moved that the third report of the Standing Committee on Agriculture and Agri-Food, presented to the House on Tuesday, May 17, be concurred in.
She said: Mr. Speaker, it is a true privilege today to rise and speak about the Canadian dairy industry as the member for Fundy Royal, the dairy centre of the Maritimes. The farmers in my riding contribute to approximately half of the province of New Brunswick's milk production. I am also particularly proud to rise today as the granddaughter of a dairy farmer, Reg Tabor, who probably never imagined that I would be here in this House delivering my maiden speech in support of Canadian dairy farmers.
I am standing here today to raise an important issue in this House on behalf of the Standing Committee on Agriculture and Agri-Food. As stated in the tabled report, the government strongly supports supply management, dairy producers, and the Canadian dairy industry. Likewise as stated in the report, we recognize the magnitude of the issue of diafiltered milk to the Canadian dairy industry, and recognize the industry is calling for a resolution of the problem. Our government is actively engaged on the issue.
On May 2, 2016, our government announced its intention to initiate discussions within 30 days to help the dairy industry adjust to CETA. The government has delivered on that commitment, and continues its important and productive conversations with the industry. While meeting with stakeholders, the and the parliamentary secretary discussed CETA, the issue of diafiltered milk, and sustainable solutions to modernize Canada's dairy industry.
The government is moving forward on all points in this report. I would like to point out that the government understands very well the challenges that milk producers face on a daily basis. In fact, the and the parliamentary secretary were both dairy producers. The minister's farm is in Prince Edward Island while the parliamentary secretary's farm is now in its fourth generation in Quebec.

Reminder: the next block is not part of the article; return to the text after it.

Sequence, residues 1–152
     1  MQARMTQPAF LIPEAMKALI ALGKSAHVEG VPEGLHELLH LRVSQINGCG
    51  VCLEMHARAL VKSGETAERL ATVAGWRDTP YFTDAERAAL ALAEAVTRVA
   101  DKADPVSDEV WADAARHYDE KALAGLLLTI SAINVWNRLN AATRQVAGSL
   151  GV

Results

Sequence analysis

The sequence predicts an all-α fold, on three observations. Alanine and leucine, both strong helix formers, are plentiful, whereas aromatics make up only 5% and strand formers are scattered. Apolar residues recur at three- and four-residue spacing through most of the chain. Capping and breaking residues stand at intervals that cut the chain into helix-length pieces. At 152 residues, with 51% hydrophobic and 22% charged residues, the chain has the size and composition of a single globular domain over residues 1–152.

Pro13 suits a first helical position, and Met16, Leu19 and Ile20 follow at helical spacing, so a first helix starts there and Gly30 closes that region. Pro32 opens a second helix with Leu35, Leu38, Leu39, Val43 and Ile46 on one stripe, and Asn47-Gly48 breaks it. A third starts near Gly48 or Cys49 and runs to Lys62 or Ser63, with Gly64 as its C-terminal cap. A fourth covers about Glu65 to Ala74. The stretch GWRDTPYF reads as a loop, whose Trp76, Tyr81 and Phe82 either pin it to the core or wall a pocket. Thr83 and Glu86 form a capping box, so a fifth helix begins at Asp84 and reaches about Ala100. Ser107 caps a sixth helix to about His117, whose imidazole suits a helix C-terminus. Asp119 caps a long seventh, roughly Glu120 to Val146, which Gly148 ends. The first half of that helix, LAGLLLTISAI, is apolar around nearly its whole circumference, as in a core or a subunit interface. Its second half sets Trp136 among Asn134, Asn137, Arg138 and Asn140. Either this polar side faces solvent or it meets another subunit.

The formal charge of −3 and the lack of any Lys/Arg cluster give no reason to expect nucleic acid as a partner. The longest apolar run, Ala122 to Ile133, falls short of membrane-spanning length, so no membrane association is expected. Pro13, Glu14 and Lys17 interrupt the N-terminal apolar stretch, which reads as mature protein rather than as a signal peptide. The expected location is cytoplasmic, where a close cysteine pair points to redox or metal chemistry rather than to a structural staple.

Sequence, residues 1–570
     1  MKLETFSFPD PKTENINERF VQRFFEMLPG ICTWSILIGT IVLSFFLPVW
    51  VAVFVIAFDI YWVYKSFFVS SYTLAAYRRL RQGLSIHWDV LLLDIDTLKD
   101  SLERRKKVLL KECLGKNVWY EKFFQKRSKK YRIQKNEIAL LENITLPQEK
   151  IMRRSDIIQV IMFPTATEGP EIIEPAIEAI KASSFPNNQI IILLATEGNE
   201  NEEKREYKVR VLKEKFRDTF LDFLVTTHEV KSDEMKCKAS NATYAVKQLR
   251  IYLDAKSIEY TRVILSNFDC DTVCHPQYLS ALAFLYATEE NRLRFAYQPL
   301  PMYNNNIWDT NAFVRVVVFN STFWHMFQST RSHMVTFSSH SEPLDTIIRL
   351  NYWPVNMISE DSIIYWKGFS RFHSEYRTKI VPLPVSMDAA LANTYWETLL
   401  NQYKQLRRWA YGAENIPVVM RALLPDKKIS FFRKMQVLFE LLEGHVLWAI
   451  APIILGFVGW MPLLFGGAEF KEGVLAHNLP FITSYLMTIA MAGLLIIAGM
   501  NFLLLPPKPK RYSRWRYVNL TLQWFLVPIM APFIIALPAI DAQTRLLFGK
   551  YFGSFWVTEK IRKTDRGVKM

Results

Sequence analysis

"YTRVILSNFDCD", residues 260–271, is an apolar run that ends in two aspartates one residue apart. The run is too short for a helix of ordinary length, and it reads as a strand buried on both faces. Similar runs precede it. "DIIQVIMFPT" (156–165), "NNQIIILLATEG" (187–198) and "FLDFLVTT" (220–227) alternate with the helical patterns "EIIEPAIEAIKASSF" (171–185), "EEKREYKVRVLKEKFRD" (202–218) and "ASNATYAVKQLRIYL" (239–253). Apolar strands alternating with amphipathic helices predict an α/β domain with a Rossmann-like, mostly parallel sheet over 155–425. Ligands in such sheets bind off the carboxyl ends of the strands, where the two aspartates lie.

The supply-managed Canadian dairy sector is one of the largest agriculture and food sectors in the country and is essential to a strong and prosperous Canadian economy. It supports over 12,000 farms and farm families and 200,000 Canadian jobs; and contributes nearly $20 billion to the Canadian economy. On this side of the House, support for Canadian supply management is clear. Our system is a model of stability around the world. It provides a fair price for farmers; stability for processors; and safe, high-quality products for consumers at affordable prices. Supply management preserves and sustains Canadian farmers, farm families, and rural communities across this country, including in my riding of Fundy Royal.
Recently, I have found it shameful that the Conservative leadership contestant is advocating for an end to this crucial Canadian system. That member has said that Conservative values are not in line with supply management. The Liberal Party is the party that fought for and implemented supply management. We will continue to protect and defend it for all of those who would like to see it destroyed. I would like to assure this House that Liberal values are in line with supply management and will continue to be.
The position of the member for is frankly disturbing, especially given the large number of dairy farms and farm families in his region. I can only imagine the type of feedback the hon. member will receive from the hard-working farmers and their families in his riding who depend on supply management for their future. Perhaps even more disturbing is that the Conservative deputy critic for agriculture, the member for , is the co-chair for the leadership campaign calling for the end of supply management. Not only that, but the former Conservative finance minister, Joe Oliver, has also recently spoken out against supply management. That is the Conservative record and the Conservative position. However, I want to be clear that on this side of the House we support supply management and dairy farmers. Our government is committed to supporting a bright future for Canada's dynamic dairy industry.
This year, the government announced an additional federal investment of $1.75 million in the dairy research cluster. This investment will support the work of scientists at Agriculture and Agri-Food Canada in two key areas: number one, increasing the energy content of Canadian forage crops to help increase milk production; and, number two, understanding the role played by dairy-fat products, including their positive impact on type 2 diabetes.